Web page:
You're absolutely right, but technically an elision can be a kind of contraction (here it's the case) "Elision" is more precise than "contraction", but it still technically a contraction. French grammar books use the term "elision", and English grammar books or sites use the term "contraction", for instance: http://french.about.com/library/pronunciation/bl-contractions.htm
To understand the difference between "contractions" and "elisions", wikipedia gives a good way: "Not all elided words are contractions and not all contractions are elided words (for example, 'going to' → 'gonna': an elision that is not a contraction; 'can not' → 'cannot': a contraction that is not an elision)."
When the final vowel falls it's for two phenomenon
1) elision : when a final vowel meet another one of the next word the pronounciation bumps into, to avoid the hiatus the final vowel falls living an apostrophe to witness. So we have the "liaison" ,an armonius union between the two words
Je aime>j'aime pronounced jaime, we don't detect no separation among the words.
2)Apocope: a term designating the omission of one or more sounds or syllabes from the end of a word.
it won't say l'eau slower,it's just one word...(well two but it counts it as one)
French nouns are only rarely used without a modifier: an article (indefinite or definite) or a possessive adjective, or a demonstrative adjective, etc.
"le, la, l', les" are definite articles, all potentially translatable in "the", depending on construction and meaning.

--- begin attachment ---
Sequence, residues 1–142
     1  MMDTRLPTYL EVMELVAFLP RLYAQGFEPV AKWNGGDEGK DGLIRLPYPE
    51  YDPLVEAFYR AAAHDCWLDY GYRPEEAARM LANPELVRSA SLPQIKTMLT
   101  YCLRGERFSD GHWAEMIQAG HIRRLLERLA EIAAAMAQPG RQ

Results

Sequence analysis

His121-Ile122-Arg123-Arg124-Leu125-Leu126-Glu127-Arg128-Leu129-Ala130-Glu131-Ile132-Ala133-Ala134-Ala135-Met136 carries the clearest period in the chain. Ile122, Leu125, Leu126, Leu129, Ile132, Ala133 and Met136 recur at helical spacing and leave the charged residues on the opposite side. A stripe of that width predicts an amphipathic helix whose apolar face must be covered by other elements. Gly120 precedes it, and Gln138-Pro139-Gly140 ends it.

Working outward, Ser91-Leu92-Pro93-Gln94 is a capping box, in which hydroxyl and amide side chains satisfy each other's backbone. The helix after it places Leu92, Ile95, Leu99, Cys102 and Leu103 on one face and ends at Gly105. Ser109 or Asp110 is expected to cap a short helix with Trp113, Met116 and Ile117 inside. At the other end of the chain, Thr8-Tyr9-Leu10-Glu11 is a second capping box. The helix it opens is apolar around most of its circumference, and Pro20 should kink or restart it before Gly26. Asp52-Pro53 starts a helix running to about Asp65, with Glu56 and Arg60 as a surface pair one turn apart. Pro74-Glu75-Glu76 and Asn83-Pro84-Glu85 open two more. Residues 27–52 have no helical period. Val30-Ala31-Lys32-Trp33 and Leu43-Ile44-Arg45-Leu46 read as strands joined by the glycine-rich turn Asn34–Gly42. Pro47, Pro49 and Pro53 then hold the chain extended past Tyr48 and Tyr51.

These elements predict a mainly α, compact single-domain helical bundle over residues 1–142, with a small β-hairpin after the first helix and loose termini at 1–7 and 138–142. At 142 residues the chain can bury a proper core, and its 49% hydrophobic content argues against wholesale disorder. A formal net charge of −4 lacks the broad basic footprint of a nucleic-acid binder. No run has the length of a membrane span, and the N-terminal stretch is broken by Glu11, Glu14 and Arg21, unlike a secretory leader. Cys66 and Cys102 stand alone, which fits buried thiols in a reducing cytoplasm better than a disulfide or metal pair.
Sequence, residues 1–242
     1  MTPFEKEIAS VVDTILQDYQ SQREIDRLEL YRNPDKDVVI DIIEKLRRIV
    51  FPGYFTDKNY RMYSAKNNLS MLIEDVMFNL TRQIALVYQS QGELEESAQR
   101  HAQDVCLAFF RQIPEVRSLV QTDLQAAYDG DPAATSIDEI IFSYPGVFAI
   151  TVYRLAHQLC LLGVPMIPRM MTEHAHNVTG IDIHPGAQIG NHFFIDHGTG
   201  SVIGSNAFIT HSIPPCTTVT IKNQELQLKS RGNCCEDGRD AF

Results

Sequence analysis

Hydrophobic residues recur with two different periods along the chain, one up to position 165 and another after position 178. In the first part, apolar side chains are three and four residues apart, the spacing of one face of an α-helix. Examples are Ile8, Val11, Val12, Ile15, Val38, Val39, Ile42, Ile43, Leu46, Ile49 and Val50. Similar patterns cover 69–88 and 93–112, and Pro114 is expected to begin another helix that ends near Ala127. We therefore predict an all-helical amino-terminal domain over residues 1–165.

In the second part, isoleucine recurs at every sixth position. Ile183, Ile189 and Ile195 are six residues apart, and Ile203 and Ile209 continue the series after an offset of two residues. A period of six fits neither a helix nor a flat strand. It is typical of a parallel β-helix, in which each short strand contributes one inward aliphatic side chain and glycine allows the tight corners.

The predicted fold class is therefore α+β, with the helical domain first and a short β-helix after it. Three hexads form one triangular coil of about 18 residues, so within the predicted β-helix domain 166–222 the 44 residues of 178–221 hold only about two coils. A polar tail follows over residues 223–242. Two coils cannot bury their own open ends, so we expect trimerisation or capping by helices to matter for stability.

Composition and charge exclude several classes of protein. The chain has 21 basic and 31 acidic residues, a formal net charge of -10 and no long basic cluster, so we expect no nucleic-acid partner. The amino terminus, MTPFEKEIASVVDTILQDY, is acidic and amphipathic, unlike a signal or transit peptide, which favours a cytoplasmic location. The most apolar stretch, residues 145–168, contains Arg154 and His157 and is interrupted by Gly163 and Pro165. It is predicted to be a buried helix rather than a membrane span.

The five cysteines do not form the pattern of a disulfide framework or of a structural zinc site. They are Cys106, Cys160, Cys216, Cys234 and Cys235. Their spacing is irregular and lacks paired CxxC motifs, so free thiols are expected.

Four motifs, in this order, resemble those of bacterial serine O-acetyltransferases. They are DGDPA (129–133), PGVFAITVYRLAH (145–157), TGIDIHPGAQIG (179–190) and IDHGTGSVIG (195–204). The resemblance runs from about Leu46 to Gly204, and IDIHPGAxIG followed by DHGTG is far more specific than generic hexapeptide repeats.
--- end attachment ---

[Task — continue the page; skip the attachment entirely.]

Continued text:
l' is used instead of le or la if the noun starts with a vowel or a non aspired H: l'eau (fem), l'avion (masc), l'homme.
In all cases where you would use "the" in English, you can be certain that the French translation will have le, la, l' or les.
However, when the French sentence uses "le, la, l' or les" those do not automatically translate to "the".
les hommes sont plus forts que les femmes = men are stronger than women (generality, universal truth)
la fille a les yeux bleus = the girl has blue eyes
this phenomenon is called "elision" and it prevents the sound conflict between 2 vowel sounds.
- la | eau would generate an awkward sound with LA-O
Therefore, the "a" is replaced by an apostrophe: l'eau = LO
The same rule is valid for vowels and non-aspirate H:
- NOT "le homme" but "l'homme"
There is a series of small words that can elide in front of a vowel sound: le, la, je, me, te, se, que, ne:
- j'écris (I write); il m'écrit (he writes to me); je t'écris (I write to you); ils s'aiment (they love each other); je pense qu'elle est jolie (I think that she is pretty); je n'aime pas le vin (I don't like wine).